Use of x-ray photoelectron spectroscopy and cyclic polarization to evaluate the corrosion behavior of six nickel-chromium alloys before and after porcelain-fused-to-metal firing


Statement of problem. Nickel-chromium casting alloys rely on a surface oxide layer for corrosion resistance to the oral environment. Porcelain-fused-to-metal (PFM) firing procedures may alter the surface oxides and corrosion properties of these alloys. Changes in alloy corrosion behavior affect metal ion release and therefore local and/or systemic tissue responses. Purpose. The aim of this study was to evaluate changes in alloy surface oxides and electrochemical corrosion properties after PFM firing. Material and methods. The electrochemical corrosion behavior of 6 commercial nickel-chromium alloys was evaluated in the as-cast/polished and PFM fired/repolished states. Surface chemistries of the alloys were analyzed by x-ray photoelectron spectroscopy. Results. Results indicated an increase in corrosion rates after PFM firing and repolishing for alloys containing 14% to 22% Cr and 9% to 17% Mo. This increase in corrosion rates was attributed to a decrease, caused by the PFM and repolishing process, in the Cr and Mo levels in the surface oxides of these alloys. The PFM firing and repolishing process did not alter the corrosion behavior of the alloys containing lower levels of Cr and Mo and/or Be additions in their bulk composition. These alloys exhibited low levels of Cr and Mo surface oxides in both test conditions. Si particles became embedded in the surfaces of the fired alloys during repolishing and may have contributed to the changes in surface oxides and the corrosion behavior of some alloys. Conclusion. The effects of PFM firing and repolishing on Ni-Cr dental casting alloy surface oxides and corrosion properties appear to be alloy dependent. (J Prosthet Dent 2000;84:623-34.).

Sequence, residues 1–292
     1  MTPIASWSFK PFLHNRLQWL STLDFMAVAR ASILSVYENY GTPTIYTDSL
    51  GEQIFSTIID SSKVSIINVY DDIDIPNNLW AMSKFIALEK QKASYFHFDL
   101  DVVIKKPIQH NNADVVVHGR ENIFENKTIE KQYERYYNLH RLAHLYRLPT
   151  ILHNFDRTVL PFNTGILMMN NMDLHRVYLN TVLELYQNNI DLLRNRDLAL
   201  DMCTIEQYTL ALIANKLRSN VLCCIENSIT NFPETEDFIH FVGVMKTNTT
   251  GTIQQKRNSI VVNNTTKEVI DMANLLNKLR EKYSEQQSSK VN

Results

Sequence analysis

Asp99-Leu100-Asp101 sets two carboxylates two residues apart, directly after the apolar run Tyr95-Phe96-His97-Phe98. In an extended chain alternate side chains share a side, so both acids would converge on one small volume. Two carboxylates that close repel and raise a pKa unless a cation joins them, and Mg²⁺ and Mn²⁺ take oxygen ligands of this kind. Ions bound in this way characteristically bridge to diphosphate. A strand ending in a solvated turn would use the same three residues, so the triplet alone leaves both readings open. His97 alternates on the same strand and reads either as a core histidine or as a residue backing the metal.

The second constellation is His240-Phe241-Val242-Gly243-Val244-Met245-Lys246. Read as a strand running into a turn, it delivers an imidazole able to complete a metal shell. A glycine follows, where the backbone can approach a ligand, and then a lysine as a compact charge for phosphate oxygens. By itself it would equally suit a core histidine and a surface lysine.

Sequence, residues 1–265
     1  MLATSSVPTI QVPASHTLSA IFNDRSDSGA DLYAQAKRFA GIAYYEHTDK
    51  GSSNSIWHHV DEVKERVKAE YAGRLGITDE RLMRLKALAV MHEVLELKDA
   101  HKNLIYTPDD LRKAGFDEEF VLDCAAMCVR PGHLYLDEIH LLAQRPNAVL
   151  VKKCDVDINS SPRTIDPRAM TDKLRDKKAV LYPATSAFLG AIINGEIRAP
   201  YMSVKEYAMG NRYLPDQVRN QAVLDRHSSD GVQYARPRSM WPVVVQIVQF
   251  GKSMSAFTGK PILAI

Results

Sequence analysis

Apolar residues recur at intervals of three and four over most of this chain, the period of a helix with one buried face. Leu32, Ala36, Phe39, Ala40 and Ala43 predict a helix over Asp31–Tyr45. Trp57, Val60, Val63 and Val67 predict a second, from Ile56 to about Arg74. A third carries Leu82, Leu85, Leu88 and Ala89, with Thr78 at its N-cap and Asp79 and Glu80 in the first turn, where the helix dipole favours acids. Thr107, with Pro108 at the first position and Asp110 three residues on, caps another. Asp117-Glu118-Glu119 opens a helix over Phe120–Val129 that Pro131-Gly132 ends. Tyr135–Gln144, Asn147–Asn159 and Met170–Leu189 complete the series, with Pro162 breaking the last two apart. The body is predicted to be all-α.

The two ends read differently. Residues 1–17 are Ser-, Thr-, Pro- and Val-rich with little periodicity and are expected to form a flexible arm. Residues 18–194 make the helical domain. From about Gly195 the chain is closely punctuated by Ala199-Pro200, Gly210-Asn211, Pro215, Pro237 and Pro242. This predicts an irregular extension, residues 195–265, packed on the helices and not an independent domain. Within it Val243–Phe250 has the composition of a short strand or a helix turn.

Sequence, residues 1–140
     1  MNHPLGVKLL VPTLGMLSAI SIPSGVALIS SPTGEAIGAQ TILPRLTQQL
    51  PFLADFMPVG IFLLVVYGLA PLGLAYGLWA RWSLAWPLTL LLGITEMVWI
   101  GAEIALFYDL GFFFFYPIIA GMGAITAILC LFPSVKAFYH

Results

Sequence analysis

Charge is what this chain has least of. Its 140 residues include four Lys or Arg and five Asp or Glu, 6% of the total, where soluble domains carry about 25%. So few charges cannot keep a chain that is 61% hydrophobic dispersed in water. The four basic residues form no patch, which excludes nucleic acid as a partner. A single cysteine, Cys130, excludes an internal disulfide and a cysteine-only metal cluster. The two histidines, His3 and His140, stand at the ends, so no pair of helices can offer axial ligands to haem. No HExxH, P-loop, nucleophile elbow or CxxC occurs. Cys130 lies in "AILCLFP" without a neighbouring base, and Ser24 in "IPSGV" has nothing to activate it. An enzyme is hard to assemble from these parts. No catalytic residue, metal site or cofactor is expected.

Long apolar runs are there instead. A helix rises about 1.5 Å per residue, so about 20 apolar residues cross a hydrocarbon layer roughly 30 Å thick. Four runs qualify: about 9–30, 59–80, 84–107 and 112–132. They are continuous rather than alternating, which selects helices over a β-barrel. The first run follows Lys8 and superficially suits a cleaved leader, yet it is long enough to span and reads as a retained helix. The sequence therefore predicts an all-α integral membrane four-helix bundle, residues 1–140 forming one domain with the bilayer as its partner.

Publication Title

Journal of Prosthetic Dentistry